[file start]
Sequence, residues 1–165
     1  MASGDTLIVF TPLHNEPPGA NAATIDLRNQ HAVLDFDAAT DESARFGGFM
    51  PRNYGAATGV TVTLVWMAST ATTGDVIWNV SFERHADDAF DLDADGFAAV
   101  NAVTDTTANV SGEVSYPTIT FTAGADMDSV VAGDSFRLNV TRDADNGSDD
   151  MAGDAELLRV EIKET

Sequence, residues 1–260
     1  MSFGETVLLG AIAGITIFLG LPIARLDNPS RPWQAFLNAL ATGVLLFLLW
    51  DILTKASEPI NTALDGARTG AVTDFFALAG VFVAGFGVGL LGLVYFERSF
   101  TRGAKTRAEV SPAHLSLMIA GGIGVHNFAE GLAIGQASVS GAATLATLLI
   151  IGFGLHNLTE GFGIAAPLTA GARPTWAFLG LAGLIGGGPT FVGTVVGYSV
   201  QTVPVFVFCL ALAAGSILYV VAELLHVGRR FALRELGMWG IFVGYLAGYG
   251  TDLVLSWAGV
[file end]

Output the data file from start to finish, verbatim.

Sequence, residues 1–165
     1  MASGDTLIVF TPLHNEPPGA NAATIDLRNQ HAVLDFDAAT DESARFGGFM
    51  PRNYGAATGV TVTLVWMAST ATTGDVIWNV SFERHADDAF DLDADGFAAV
   101  NAVTDTTANV SGEVSYPTIT FTAGADMDSV VAGDSFRLNV TRDADNGSDD
   151  MAGDAELLRV EIKET

Sequence, residues 1–260
     1  MSFGETVLLG AIAGITIFLG LPIARLDNPS RPWQAFLNAL ATGVLLFLLW
    51  DILTKASEPI NTALDGARTG AVTDFFALAG VFVAGFGVGL LGLVYFERSF
   101  TRGAKTRAEV SPAHLSLMIA GGIGVHNFAE GLAIGQASVS GAATLATLLI
   151  IGFGLHNLTE GFGIAAPLTA GARPTWAFLG LAGLIGGGPT FVGTVVGYSV
   201  QTVPVFVFCL ALAAGSILYV VAELLHVGRR FALRELGMWG IFVGYLAGYG
   251  TDLVLSWAGV